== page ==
Talk Talk – The Spirit of Eden (Parlophone – 1988)

It is my firm belief that to adequately describe this album we would require a language as innovative, nuanced and rich as the music contained on the polycarbonate disc on to which it was subsequently released. Prior to this all introspection has been superficial. All instrumentation has been misused, all emotion falsified; forever too loud.  From the head of The Rainbow strings meld trumpets with trumpets and the wind before a reverbed Fender and driven harmonica come in with a beat that would set Chicago post-rock off on a route from which now seems so obvious it is hard to believe that previously it did not exist. It is impossible to consider this record’s creation, no instrument seems to provide a foundation for which a song could ever be built, like a mountain scene, it begins with the grass of the flat lands, with the plates of the Earth, with the edge of the sky, with the carve of a river through stone and with the history of glaciers. It is competition with nothing, it is still and towering, a new representation of British nature and industry.

Most terminology that would normally be appropriate for describing this work have been rendered redundant through lazy over use and misapplication. Jazzy, orchestral, sprawling, ambient, intense, ethereal, accomplished, enveloping are no longer strong enough descriptors. Hollis sings on The Rainbow “Lenient, The song the lawyer sang, Our nation’s wrong” over a bewildering babbling brook of instrumentation, its point of origin is obscure, fluttering past in harmonious confusion and this is where the chorus should be. This album was apparently recorded in such circumstances that make Loveless look haphazard and was largely improvised before being fashioned together into song using a process that was more Bitches Brew than It’s My Life. The assembled cast of musicians who replaced the first three albums’ synthesisers ensured that this album would never be recreated live, the strong jazz and classical heritage also pushed it out of time, a fresh day as old as the hills. The sense of quiet amplified affords a level of build normally ignored in modern pop/rock means size is afforded, because sections of Eden are so quiet it can be fragile and noticeable in its loudness.

The album recalls the myth of ‘The Green Man’, it is nature itself, Pan-like, a pre-Christian figure that features heavily in religious imagery, occult but not devillish, Spring’s chill from Winter’s cold, omnipresent like an unconscious collective memory, Britain pastures more violent than Elgar dared portray. ‘Nature’s son, Don’t you know where life has gone, Burying progress in the clouds’, this is the Spirit of Eden, green and lush, barren and harsh, occurring and unending, a paradise lost, pre-fall and fallen. Even normally laboured lyrical vagaries around religion or drug imagery retain potency. Hollis was supposedly obsessed with becoming Nature’s Son during the making of this album, this is helped in no small part by the rich mix of acoustic instrumentation used, Danny Thompson’s rich upright bass is high in the mix with the cello and brass section, sparked up up against organs and electric guitars and the ‘accidental’ (nothing was accidental on this album) noises left in to retain the feeling that this was created by humans capable of temptation.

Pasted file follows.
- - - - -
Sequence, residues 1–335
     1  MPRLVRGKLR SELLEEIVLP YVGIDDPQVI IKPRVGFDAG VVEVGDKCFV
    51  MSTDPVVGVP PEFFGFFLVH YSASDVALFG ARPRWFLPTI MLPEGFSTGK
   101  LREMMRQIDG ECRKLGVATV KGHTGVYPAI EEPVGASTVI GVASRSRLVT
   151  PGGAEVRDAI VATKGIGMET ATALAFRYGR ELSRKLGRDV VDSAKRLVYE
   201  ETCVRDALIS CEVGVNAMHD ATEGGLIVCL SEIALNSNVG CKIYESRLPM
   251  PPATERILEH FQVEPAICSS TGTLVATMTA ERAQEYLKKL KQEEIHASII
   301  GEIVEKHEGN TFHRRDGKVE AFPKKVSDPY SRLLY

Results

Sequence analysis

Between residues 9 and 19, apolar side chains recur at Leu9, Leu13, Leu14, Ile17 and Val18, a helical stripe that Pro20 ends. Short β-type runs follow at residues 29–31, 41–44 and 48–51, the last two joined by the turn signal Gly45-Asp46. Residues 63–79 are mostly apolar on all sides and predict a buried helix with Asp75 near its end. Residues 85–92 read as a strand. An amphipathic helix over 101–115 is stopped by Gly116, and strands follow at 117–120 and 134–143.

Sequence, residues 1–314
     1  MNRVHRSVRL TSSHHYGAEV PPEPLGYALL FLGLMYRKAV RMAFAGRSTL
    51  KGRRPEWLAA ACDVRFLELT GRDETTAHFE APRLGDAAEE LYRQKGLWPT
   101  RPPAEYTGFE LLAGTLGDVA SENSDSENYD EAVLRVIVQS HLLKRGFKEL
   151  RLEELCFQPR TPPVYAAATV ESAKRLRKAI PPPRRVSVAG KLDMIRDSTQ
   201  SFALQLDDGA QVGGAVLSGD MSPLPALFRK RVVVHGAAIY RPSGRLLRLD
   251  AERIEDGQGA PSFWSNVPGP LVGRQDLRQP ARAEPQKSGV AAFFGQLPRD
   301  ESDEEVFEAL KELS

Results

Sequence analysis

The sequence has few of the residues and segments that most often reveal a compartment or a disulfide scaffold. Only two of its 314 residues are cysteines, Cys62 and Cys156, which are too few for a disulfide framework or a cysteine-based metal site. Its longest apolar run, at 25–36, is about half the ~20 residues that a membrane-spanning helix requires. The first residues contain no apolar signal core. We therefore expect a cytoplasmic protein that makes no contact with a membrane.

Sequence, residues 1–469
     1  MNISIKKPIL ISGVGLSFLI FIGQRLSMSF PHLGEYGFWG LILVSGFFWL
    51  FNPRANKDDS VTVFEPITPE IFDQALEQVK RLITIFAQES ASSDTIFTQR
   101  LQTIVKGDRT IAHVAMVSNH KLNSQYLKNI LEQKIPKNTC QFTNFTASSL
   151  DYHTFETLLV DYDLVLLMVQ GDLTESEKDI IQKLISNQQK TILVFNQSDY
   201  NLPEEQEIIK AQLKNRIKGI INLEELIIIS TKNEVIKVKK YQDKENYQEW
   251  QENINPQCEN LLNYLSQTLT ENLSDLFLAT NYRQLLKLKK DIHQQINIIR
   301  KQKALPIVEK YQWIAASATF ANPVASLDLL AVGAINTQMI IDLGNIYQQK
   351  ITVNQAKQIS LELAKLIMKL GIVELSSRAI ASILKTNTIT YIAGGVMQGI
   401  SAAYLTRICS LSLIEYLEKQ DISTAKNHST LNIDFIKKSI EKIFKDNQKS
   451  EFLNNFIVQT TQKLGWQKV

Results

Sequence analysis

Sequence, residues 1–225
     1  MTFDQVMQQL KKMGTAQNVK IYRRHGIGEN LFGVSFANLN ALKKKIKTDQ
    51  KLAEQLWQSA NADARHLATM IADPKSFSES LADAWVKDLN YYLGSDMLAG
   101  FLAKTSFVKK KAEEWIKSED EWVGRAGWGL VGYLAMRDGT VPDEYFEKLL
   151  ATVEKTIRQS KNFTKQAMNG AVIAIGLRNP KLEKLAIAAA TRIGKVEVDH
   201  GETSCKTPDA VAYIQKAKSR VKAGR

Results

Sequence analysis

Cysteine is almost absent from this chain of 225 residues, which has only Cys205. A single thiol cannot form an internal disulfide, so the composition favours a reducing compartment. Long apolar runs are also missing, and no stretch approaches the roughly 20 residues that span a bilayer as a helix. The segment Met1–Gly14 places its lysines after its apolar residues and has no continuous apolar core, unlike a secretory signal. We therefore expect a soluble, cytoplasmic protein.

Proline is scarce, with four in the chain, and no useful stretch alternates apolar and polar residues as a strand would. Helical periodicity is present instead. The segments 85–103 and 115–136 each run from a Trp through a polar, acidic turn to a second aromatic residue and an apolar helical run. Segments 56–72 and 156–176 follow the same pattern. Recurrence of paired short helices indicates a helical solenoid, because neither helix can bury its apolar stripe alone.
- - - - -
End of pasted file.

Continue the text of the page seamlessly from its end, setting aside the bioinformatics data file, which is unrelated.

The most striking facet of this record though is Hollis’ voice itself, operating a register all of its own, as brittle and corrupt as it is forlorn, pure and whispered, nothing if not singular, it is the record’s tender heart. The feeling is akin to that of standing too close to a fire, the burning goes right through you but you dare not move as you now know that the rest of the world is a colder place by comparison.  By the time of the record’s penultimate track I Believe In You the way he delivers the single word ‘spirit’ has become vital, one of the most heartfelt things I have ever heard, his grasp of melody amidst the floating music prevents this from becoming meandering neo-prog and reinforces it with an authenticity and passion that matches the classical dynamism of the music to a degree which may not have been seen in modern music since.

To overstate this album’s influence would be difficult, without it Spiritualized, Sigur Ros, Elbow, Radiohead, Doves, Tortoise to name but a few big hitters, would all sound radically different if they should exist at all (Spiritualized’s Ladies and Gentlemen We Are Floating In Space in particular sounds ‘danger close’ in parts to sections of this album).  While making notes about this record I’d written that “I can’t describe the magnificence of the sun as I am too close to look at directly while I cannot describe the glory in the stars as there are too many and they are too far away, I can only write from where I stand,” while I’m unsure exactly what I meant with this it seems to sum up this endeavour, to my mind this is one of the greatest records ever made, describing exactly why has proven elusive as capturing Nature itself.

Adam Hiles

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